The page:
"I guess you'll have to go round and knock up the grandmothers to come to it, then," said she.
But drop or, as you say in England, knock up calling me ‘sir.’
Men, donkeys, and loads there: others encamped with yks designed for hire by merchants whose horses might knock up.
I determined to knock up the lodge-keeper, and to enlist her assistance.
I therefore proposed that we should endeavour to knock up a cradle.
If he looks shocked at the suggestion, Dick can knock up a partition.
When the chance comes, I'm bound to kick around a bit and knock up the dust.
I mean to get a stone and knock up some of the bricks, if I can, and see.
He would certainly not tell obscene stories aloud in public or knock up against ladies without apologizing.
All he has to do is to knock up a book of travels, and it'll go like wildfire.'
1660s in sense of "arouse by knocking at the door," from knock (v.). However it is little used in this sense in American English, where the phrase means "get a woman pregnant" (1813), possibly ultimately from knock "to copulate with" (1590s; cf. slang knocking-shop "brothel," 1860).
Knocked up in the United States, amongst females, the phrase is equivalent to being enciente, so that Englishmen often unconsciously commit themselves when amongst our Yankee cousins. [John Camden Hotten, "The Slang Dictionary," London, 1860]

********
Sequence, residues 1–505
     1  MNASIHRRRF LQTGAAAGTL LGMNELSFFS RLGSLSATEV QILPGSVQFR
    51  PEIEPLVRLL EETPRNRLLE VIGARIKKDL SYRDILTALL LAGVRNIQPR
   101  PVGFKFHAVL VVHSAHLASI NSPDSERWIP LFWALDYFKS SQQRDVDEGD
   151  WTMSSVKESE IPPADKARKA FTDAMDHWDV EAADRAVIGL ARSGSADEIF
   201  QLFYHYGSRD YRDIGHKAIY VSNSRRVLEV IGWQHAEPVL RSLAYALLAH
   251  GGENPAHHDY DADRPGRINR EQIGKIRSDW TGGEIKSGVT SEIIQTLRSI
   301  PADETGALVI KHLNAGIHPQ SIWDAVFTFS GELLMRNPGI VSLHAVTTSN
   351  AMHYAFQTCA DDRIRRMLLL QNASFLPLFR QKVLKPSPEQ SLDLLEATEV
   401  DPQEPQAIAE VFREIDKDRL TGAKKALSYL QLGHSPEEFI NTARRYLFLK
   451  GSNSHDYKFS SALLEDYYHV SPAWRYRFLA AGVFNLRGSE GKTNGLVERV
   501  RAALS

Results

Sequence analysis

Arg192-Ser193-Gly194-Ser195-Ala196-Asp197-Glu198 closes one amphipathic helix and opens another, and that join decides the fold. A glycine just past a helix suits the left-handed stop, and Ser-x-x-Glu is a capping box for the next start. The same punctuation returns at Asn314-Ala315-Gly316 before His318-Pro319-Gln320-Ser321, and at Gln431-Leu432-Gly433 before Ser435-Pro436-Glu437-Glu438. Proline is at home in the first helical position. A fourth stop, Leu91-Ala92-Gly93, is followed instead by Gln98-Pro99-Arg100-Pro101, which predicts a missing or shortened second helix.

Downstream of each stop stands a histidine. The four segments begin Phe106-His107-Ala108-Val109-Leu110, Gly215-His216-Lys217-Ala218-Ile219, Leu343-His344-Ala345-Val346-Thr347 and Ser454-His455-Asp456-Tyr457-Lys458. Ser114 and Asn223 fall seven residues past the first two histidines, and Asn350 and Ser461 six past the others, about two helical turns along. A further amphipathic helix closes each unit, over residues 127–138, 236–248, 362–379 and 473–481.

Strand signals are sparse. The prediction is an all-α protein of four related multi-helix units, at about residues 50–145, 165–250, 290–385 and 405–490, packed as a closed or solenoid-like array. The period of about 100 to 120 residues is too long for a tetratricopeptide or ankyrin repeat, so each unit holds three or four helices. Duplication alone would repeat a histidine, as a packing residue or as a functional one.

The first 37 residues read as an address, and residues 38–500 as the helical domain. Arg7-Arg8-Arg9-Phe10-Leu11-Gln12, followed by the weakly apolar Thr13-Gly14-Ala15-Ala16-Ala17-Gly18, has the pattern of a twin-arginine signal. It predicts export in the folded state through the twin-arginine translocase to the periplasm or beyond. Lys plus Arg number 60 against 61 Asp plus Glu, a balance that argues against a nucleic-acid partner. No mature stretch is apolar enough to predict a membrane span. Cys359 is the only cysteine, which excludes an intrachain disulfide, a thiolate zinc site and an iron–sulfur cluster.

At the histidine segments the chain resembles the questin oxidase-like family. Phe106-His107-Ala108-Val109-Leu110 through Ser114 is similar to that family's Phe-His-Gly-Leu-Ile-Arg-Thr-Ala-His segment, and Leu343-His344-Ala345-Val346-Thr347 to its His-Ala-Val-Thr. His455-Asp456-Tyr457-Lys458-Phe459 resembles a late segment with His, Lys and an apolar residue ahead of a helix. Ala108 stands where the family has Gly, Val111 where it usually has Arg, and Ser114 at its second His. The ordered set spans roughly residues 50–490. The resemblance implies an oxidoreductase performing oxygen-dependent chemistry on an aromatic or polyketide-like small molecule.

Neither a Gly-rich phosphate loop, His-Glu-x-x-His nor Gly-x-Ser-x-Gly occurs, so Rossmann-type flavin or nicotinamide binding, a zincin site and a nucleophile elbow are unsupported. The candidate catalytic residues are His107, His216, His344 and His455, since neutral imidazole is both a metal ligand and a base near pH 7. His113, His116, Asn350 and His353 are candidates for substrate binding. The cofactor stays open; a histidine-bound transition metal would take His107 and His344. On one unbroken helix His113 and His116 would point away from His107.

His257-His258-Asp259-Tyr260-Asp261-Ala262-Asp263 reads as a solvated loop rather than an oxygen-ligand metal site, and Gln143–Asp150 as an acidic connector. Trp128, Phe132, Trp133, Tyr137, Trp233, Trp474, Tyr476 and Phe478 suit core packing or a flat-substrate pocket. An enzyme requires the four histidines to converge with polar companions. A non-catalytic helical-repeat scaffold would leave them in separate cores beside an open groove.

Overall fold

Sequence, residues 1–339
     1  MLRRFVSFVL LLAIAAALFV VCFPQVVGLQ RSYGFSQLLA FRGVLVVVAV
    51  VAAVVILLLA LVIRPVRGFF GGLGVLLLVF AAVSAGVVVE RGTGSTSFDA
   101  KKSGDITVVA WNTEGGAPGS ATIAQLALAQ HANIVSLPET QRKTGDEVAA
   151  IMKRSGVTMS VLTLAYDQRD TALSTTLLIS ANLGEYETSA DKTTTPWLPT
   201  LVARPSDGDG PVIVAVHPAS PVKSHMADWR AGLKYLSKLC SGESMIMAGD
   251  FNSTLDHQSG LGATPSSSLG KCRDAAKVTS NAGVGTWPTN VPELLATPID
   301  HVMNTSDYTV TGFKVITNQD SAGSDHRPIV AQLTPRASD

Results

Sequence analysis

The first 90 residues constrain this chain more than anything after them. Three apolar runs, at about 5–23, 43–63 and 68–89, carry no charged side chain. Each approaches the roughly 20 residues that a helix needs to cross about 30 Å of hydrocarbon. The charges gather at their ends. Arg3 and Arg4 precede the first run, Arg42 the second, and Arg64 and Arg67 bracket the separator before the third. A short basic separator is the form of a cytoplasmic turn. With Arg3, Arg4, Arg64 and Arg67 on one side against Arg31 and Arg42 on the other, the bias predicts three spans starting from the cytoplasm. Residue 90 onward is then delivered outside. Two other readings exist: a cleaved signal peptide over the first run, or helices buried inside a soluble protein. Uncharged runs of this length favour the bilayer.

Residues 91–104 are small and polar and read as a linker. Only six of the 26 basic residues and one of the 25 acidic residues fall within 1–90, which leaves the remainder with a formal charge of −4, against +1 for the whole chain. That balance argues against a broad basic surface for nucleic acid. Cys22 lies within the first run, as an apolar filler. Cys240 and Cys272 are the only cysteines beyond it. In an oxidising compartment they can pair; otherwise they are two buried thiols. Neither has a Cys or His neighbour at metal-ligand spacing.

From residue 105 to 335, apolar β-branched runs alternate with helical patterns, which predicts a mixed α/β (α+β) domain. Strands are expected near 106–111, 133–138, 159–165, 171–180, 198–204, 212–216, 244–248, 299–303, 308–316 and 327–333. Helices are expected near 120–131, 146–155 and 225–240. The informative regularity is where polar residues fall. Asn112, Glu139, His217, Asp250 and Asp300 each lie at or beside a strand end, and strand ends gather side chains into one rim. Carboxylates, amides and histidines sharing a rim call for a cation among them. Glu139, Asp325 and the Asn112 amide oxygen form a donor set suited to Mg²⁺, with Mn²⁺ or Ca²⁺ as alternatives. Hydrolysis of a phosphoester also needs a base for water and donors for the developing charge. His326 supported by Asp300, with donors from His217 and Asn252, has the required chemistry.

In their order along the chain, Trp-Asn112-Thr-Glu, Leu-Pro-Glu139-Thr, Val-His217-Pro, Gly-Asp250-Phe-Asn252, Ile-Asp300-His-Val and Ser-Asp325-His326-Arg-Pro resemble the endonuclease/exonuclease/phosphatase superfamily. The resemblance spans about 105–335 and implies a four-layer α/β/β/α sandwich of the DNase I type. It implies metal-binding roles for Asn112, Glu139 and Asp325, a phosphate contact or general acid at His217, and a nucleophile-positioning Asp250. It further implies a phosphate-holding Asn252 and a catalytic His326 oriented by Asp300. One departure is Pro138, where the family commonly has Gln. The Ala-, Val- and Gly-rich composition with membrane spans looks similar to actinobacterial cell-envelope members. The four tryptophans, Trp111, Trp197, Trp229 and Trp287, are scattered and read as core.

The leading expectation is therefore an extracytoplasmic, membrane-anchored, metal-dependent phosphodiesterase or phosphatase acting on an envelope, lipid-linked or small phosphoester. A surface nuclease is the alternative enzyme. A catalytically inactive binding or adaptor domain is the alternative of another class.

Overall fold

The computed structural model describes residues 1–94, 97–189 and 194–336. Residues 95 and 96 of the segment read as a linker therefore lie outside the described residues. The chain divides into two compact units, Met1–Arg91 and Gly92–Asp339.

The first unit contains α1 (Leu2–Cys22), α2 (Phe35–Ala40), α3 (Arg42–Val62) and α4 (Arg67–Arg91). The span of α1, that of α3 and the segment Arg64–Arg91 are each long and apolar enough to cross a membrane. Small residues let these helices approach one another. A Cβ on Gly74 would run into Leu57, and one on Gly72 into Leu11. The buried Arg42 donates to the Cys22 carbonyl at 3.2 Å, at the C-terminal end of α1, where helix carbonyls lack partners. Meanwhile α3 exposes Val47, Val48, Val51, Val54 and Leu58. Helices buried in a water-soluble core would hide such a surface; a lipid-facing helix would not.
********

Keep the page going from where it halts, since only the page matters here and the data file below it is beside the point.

Old English cnocian (West Saxon cnucian), "to pound, beat; knock (on a door)," likely of imitative origin. Meaning "deprecate, put down" is from 1892. Related: Knocked; knocking. Knock-kneed first attested 1774. Knock-down, drag-out is from 1827. Command knock it off "stop it" is first recorded 1880, perhaps from auctioneer's term for "dispose of quickly:"
At the commencement of the sales, he gave every one that wanted to purchase a paper containing a description of the lands that were to be sold; and, as the sales were cried, he called over the numbers and described the land; and when it got up to one dollar and a quarter an acre, if no body bid, after it was cried two or three times, he would say, knock it off, knock it off. [U.S. Senate record, 1834]
mid-14c., from knock (v.). As an engine noise, from 1899.
: It wasn't a disinterested comment—it was a knock/ The knock on Fernandez is he can't field
"Though Orientals are very jealous of their privacy, they never knock when about to enter your room, but walk in without warning or ceremony. It is nearly impossible to teach an Arab servant to knock at your door. They give warning at the outer gate either by calling or knocking. To stand and call is a very common and respectful mode. Thus Moses commanded the holder of a pledge to stand without and call to the owner to come forth (Deut. 24:10). This was to avoid the violent intrusion of cruel creditors. Peter stood knocking at the outer door (Acts 12:13, 16), and the three men sent to Joppa by Cornelius made inquiry and 'stood before the gate' (10:17, 18). The idea is that the guard over your privacy is to be placed at the entrance." Knocking is used as a sign of importunity (Matt. 7:7, 8; Luke 13:25), and of the coming of Christ (Luke 12:36; Rev. 3:20).